November 25th, 2013 § § permalink
On Friday, December 6th, from 6:00 – 8:00 pm,
join MAPH students and alumni for ARTBAR, an evening of socializing, drinks, live performance, and art activities at the
The evening will include:
- Hands on art-making in 2 of the following media: clay, screenprinting, and photography,
- An improv, pop-up, interactive comedy club performance put on by artists exhibiting work in the Michelle Grabner-curated “A Study in Midwestern Appropriation,”
- Drinks, snacks, and socializing, in the spirit of MAPH Social Hour,
- An introduction to the Hyde Park Art Center and its programs for MAPH alumni and students by the Art Center’s Marketing & Communications Manager and MAPH alum Brook Rosini,
- DJ and open mic,
- and time to explore the art galleries!
MAPH has covered all the costs for MAPH students and alumni, but please feel free to make additional donations to the Art Center!
September 24th, 2013 § § permalink
Reaching out to the city’s newcomers, this week’s Newcity (“The Chicago Manual”) explores life at UChicago and in the South Side. The issue features pieces by three 2013 MAPHers: Greg Langen’s reflections on the value of embracing CTA-derived anonymity, Amanda Scotese’s guide to on-campus architecture, and Charlie Puckett’s breakdown of an exciting new Hyde Park establishment. » Read the rest of this entry «
August 23rd, 2013 § § permalink
Here is a post from Keri Asma, MA ’13,on her recent externship to the Hyde Park Art Center. Keri is also one of the MAPH mentors for the upcoming year, so you’ll probably be hearing from her fairly often.
Externships are opportunities for recently graduated or current Master’s and PhD students to shadow alumni in various careers for a day. Rather like extended informational interviews, externships provide students with a chance to explore a particular profession, no prior experience necessary. If you are interested in learning more about externships through the University of Chicago, visit the CAPS website here: https://careeradvancement.uchicago.edu/jobs-internships-research/graduate-student-externships.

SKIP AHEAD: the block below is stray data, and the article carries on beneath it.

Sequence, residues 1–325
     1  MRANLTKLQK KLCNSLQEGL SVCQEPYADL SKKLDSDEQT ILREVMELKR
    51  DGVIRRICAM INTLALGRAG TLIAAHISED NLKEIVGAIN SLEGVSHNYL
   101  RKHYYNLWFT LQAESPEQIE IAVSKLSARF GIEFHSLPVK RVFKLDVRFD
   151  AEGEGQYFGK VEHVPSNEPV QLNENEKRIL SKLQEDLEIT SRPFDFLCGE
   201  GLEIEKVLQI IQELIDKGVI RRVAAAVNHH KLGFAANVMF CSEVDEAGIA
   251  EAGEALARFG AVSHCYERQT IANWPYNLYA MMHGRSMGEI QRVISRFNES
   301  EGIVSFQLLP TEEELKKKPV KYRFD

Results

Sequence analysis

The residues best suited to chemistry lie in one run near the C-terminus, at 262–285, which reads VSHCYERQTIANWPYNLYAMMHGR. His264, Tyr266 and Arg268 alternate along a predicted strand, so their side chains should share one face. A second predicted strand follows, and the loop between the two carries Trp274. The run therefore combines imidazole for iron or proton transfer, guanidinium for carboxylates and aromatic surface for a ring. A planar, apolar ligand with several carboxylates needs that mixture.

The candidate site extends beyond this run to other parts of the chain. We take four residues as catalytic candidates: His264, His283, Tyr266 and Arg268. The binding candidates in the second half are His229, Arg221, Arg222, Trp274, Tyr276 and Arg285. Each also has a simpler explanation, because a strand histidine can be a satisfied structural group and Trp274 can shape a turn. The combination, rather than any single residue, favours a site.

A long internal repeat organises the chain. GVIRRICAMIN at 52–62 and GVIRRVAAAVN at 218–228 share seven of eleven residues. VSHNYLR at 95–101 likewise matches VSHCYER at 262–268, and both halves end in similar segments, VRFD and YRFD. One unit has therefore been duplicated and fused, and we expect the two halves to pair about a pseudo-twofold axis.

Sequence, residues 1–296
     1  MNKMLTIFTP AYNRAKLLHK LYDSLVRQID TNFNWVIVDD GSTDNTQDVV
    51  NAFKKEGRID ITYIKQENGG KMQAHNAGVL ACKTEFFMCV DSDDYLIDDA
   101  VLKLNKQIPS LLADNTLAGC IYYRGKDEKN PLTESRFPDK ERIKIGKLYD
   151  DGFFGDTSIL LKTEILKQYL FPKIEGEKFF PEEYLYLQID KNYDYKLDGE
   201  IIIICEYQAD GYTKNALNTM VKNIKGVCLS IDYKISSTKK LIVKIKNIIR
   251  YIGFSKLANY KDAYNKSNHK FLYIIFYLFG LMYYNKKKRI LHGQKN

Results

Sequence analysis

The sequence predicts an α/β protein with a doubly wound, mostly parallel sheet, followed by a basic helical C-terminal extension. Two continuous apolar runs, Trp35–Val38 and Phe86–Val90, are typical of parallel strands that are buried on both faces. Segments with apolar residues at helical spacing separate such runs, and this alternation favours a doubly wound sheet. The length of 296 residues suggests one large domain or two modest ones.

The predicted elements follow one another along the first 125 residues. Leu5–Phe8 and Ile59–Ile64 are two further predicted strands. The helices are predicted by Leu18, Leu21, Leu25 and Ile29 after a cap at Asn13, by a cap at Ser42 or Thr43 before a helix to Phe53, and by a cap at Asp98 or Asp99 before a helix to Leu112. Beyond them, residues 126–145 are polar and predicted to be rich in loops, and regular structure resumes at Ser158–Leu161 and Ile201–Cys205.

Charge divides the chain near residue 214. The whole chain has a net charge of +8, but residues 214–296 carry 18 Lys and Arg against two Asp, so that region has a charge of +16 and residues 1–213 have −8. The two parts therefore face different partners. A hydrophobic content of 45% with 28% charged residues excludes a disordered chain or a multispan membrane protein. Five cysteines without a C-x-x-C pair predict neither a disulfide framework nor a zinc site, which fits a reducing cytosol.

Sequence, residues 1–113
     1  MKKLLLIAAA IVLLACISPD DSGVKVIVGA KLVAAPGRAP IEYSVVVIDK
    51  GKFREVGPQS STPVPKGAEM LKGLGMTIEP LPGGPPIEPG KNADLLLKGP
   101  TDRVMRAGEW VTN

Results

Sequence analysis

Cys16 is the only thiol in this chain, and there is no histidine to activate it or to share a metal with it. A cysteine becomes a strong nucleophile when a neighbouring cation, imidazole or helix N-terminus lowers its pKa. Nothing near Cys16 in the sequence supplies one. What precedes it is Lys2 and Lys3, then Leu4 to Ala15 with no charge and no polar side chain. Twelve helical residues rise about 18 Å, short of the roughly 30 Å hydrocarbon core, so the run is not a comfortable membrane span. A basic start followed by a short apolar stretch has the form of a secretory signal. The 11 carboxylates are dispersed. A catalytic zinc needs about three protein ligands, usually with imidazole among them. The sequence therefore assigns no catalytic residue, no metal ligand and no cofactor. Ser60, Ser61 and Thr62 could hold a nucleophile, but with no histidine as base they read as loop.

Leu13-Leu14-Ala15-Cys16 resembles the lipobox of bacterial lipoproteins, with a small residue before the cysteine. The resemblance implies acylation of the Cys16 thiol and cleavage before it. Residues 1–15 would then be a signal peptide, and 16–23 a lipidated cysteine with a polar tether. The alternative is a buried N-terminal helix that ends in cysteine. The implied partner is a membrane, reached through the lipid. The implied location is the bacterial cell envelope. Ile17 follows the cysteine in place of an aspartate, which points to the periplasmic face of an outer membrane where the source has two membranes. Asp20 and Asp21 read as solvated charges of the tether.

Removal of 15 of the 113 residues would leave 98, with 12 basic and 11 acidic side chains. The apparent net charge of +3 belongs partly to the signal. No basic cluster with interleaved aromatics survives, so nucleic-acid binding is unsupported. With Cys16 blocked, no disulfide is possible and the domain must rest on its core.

The Hyde Park Art Center is, as many of you probably know, a perfect example of the possible intersections between art, community, education, and humanistic inquiry. My externship at the center this summer not only gave me a sense of the individual work of MAPH Alumnae Kate Lorenz and Brook Rosini, but also provided a holistic picture of how their work contributes to a much larger project—one which like MAPH is centered on creating a community which can engage critically, passionately, and excitedly with the arts.
This post will be something between an introduction/plug for the HPAC, a reflection on what I learned, and an encouragement for doing externships. This is just one account of engaging with alumni, with the community, with the arts; there are probably lots more out there.*